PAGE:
Wednesday, August 31, 2016

What Trudeau should do in China

What Trudeau should do in China


MONDAY, AUGUST 29, 2016 
Trudeau plane
Canadian Prime Minister Justin Trudeau, his wife Sophie Gregoire, and daughter Ella-Grace wave as they board a government plane in Ottawa, Monday August 29, 2016. THE CANADIAN PRESS/Adrian Wyld

As Prime Minister Justin Trudeau makes his first official vis
it to China, reality squares off against his previous notorious comments.
At a Liberal fundraiser before the election, Trudeau stated:
“There’s a level of admiration I actually have for China. Their basic totalitarian dictatorship is actually allowing them to turn their economy around on a dime.”
His choice of words.
“Admiration" for a dictatorship is inappropriate when the Chinese regime is known to have harvested organs from its citizens (see reports by former Liberal secretary of state David Kilgour and lawyer David Matas), culturally suppressed minorities, including Tibetans, Mongolians and others, tossed human rights and democracy activists into jail, continued intellectual theft & cyber attacks on the west, bullying its neighbours and disregarding international rulings from UN- sanctioned tribunals.
Of course as a threat, China has an economic and military presence which requires our engagement on a series of issues.
It is a current trading partner and Canadians of Chinese origin make a some contribution to our country.
China has also taken advantage of Canada's naive openness, most significantly when it acquired Candu nuclear technology in the early 1990s.
It has used it to build a new industrial/military power, domestically, and now for the export market.
China remains a core market for our raw materials and resources such as Saskatchewan potash, Canadian lumber and other products.
We make allowances for Chinese goods and investment in oil and gas, mining, telecommunications, infrastructure, banking and other sectors.
Consequently, any new engagement with China under Trudeau will challenge even deeper our Canadian values, national interests, sovereignty  and rule of law.
Canada should advise Beijing we will not be bullied into conditions which permit temporary foreign workers from China to fill jobs in businesses which should be available to Canadians.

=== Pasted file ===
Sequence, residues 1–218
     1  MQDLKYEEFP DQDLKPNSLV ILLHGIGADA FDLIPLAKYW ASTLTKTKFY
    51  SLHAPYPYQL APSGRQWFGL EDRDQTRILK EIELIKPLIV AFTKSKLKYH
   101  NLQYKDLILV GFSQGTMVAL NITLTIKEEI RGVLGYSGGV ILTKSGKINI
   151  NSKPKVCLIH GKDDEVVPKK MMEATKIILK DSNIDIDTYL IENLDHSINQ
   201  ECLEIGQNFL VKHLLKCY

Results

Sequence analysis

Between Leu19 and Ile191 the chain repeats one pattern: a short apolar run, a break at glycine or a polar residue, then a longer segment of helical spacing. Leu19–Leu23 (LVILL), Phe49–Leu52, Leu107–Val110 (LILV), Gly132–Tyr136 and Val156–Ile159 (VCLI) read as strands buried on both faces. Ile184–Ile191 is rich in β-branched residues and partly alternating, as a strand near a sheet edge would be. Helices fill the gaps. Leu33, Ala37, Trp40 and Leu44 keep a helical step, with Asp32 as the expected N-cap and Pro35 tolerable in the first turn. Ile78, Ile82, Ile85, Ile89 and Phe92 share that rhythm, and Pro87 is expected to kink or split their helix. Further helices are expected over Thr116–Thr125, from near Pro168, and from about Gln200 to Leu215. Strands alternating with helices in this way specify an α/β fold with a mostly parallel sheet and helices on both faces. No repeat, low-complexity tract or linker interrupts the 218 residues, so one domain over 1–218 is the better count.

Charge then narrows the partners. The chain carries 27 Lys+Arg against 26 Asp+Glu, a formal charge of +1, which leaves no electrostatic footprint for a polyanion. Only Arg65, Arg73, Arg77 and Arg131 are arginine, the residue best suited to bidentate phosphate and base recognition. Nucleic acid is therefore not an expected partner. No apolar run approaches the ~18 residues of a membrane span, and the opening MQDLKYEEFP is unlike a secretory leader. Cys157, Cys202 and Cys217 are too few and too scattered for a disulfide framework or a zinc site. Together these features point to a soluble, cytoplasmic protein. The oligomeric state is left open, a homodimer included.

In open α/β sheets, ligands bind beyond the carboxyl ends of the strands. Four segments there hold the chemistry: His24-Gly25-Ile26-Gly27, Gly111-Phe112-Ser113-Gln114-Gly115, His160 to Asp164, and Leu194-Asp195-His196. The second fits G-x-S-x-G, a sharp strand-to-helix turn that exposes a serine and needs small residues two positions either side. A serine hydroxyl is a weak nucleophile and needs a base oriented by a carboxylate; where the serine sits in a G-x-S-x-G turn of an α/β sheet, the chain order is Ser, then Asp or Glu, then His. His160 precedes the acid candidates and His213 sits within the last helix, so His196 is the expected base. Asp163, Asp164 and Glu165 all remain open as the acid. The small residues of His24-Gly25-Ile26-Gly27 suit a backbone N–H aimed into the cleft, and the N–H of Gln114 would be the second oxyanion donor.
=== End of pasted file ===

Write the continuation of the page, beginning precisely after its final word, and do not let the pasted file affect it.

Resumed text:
National security assessments must be taken into consideration when investments impact critical infrastructure such as ports in the Arctic, telecommunications, defence or the power sector.
As chair of the cabinet’s intelligence committee, the prime minister should strongly condemn Chinese espionage and cyber attacks on Canada.
Remaining silent in front of President Xi Jinping on this will send Canadians the wrong message.
We should speak out in support of our friend, Taiwan, which is finding its new, democratically-elected government subject to renewed harassment and bullying by China.
The prime minister should support conflict prevention measures by demanding President Xi to respect the Hague ruling on the South China Sea and honour resolutions in line with the UN Convention on the Law of the Sea.
On agriculture and trade, we must respond strongly and swiftly to the recent regulatory prohibitions on Canadian canola, which place a $2 billion market at risk.
This attempt to drive prices down and hurt Canadian farmers should be met with equal penalties on Chinese imports.
Relations with China, including any potential free trade agreement, must be based on respect, not Trudeau's blind admiration.
Canada should be a partner, not a colony.
Indeed it is hard to see how a free trade deal is possible given the tenuous state of the rule of law in China.
I do wish the prime minister well on his visit, and remind him that Canadians will be watching closely to see how he champions these issues, including the rights of 300,000 dual nationals who reside in Hong Kong, and are seeking greater consular support from their government in Ottawa.
If this is a time for engagement with China, it is most definitely not a time to abandon our Canadian principles and national interests.